\U.S. Bancorp (USB -0.92%) generated solid earnings in the third quarter, with $1.30 diluted earnings per share on total revenue of nearly $5.9 billion. Both numbers beat estimates from analysts.The results were fine, although loan growth continues to be muted.
But beyond the numbers, my biggest takeaway from earnings came when management divulged more information about how the bank will further integrate its payments business into the commercial bank, a big part of its strategic vision and something that could be a significant driver of revenue over the next few years.
The opportunity from deeper integration
U.S. Bancorp, which has $567 billion in assets, has achieved a strong valuation with a differentiated business model that includes a strong traditional banking operation and a more niche payments business that contributes roughly a quarter of the bank's overall profits. U.S. Bancorp's payments business serves a range of clients. The unit has retail payment solutions offering credit, debit, and prepaid cards. It also serves businesses in the hotel and airline industries with its global merchant acquiring technology, as well as corporations and businesses in the aviation, fleet, transportation, and travel industries with corporate card and payments services.
While management has been heavily investing in its payments capabilities, analysts and investors have wondered how U.S. Bancorp could do more with the payments business. Management on the bank's third-quarter earnings call said it sees a big opportunity among its 1.1 million business banking clients, which it defines as those with less than $25 million in revenue. It believes this segment, which currently uses traditional banking products such as loans, bank accounts, lines of credit, and more, will be ripe for a payments product. Management also believes that payments customers could be a target for cross-selling more traditional banking products.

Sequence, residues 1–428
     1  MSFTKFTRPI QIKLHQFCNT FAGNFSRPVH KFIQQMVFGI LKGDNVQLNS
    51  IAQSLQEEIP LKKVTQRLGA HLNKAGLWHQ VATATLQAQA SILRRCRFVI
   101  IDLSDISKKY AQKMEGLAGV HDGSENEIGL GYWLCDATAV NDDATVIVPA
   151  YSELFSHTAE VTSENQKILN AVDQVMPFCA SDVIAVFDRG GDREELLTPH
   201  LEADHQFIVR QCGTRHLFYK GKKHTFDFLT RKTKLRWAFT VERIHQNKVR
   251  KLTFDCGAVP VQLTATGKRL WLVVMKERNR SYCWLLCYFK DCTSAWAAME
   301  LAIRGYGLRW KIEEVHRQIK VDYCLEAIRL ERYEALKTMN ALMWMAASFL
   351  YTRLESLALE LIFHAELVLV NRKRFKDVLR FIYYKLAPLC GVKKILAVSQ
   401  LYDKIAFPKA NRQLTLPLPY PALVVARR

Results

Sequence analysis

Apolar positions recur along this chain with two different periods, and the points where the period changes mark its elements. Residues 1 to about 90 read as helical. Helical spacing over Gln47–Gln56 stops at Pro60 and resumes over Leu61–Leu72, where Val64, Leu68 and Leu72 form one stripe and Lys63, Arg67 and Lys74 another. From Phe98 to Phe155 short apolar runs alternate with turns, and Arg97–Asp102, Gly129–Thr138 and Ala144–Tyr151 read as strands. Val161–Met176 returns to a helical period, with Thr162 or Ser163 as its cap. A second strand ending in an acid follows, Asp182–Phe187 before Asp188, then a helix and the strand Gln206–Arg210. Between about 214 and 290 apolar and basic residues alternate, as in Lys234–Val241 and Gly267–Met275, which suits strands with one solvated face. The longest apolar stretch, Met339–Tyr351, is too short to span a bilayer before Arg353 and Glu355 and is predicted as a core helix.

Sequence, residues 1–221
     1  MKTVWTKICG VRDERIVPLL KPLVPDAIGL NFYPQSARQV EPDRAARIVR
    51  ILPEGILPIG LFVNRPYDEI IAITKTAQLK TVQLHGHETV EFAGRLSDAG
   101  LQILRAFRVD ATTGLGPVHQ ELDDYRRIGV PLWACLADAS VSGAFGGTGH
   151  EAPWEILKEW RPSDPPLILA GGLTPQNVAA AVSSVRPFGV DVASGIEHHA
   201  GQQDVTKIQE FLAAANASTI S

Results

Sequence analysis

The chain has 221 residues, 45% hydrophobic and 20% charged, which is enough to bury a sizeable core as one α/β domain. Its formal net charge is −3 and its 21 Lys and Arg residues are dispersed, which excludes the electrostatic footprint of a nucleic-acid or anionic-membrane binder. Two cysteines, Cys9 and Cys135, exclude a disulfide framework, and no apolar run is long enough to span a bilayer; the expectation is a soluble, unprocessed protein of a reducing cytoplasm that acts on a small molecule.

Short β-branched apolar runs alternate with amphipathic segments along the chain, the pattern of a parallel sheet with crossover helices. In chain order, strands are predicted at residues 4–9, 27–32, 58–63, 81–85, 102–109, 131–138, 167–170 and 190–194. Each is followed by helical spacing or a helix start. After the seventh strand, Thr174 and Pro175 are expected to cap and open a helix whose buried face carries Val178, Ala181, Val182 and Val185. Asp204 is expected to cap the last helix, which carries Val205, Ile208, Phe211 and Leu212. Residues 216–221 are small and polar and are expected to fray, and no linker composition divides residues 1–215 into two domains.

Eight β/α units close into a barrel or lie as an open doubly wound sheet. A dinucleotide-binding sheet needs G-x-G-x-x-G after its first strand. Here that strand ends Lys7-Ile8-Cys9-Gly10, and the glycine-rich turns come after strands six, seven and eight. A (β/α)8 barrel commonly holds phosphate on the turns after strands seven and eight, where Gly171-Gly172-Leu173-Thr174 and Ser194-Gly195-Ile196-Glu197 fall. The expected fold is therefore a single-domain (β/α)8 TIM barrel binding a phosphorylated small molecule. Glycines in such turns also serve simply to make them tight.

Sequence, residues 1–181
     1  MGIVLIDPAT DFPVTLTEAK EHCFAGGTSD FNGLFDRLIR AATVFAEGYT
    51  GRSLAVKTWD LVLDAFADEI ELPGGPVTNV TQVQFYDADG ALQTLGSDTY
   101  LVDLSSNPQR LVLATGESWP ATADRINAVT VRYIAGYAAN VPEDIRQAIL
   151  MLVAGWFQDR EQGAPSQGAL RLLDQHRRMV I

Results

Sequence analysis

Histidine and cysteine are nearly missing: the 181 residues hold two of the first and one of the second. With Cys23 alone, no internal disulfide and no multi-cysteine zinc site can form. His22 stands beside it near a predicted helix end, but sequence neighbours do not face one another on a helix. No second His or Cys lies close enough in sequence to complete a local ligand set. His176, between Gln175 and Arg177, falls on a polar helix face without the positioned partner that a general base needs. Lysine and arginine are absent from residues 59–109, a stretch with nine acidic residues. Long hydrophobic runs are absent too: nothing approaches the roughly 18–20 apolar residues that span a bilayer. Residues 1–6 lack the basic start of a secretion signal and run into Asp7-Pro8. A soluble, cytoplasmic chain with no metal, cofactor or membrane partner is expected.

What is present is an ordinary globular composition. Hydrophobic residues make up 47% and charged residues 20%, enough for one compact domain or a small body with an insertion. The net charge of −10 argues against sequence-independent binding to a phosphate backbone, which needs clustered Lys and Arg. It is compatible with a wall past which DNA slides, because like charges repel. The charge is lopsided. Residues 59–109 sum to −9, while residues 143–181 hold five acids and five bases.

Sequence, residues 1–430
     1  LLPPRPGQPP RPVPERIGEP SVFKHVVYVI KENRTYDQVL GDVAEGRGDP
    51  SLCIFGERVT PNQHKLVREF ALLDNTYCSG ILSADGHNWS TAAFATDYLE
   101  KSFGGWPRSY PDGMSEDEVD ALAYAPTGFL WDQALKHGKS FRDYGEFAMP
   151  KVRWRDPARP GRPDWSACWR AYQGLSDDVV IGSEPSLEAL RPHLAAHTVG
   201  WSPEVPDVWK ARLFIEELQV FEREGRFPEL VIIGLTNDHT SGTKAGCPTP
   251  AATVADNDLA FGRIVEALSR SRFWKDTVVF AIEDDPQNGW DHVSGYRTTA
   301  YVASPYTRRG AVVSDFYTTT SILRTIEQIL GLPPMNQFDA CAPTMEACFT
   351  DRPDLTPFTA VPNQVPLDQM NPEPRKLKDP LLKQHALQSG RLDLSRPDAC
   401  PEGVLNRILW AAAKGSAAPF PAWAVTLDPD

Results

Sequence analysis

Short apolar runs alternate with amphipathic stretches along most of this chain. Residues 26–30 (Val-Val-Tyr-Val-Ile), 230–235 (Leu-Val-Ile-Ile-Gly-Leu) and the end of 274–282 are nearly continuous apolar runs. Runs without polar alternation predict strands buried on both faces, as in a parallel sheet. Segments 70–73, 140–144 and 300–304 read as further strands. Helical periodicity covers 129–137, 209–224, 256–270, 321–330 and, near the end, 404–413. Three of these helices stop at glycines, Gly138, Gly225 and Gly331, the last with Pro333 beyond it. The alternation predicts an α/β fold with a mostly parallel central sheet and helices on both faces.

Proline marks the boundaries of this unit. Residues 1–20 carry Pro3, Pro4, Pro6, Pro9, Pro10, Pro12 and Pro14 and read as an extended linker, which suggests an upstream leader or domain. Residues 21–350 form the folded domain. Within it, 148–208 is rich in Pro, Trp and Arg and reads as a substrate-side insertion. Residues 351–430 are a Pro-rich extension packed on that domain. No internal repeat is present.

As you can see, 72% of business banking clients don't have a payments product, while half of payments customers don't have a banking product. U.S. Bancorp CEO Andrew Cecere said he believes the bank can change the left chart regarding business banking customers to at least a 50-50 split. He also said he thinks the bank can grow small-business relationships by 15% to 20% and "related revenue by 25% to 30% over the next few years."
When asked how he intends to do this, Cecere said the bank plans to roll out a product that helps business banking clients better run their companies by managing all aspects of their business from payables to receivables to payroll and banking services all on one dashboard. U.S. Bancorp also has buy now, pay later capabilities (through a subsidiary) that it is testing and may roll out to its merchant customers to help them expand their capabilities.
The other exciting recent news around this area is that U.S. Bancorp recently acquired the U.S. banking operations from the Japanese bank Mitsubishi UFJ Financial Group. The subsidiary, which is called Union Bank, comes with 190,000 business banking clients not included in the 1.1 million number above. Not only are these customers good candidates for payments products, but the acquisition gives U.S. Bancorp increased scale in California, the state with the most small businesses in the country.
Why this is important
As I mentioned above, U.S. Bancorp has a high valuation. At Thursday's prices, the bank trades at roughly 250% of tangible book value, which is what a bank would be worth if it were immediately liquidated. The payments business is so important because not only does it set U.S. Bancorp apart from its peers, but it's also a major way the bank plans to drive revenue in future years and further enhance shareholder value. In my opinion, the further integration of the payments business and commercial bank shows shareholders there is plenty of value left in the stock.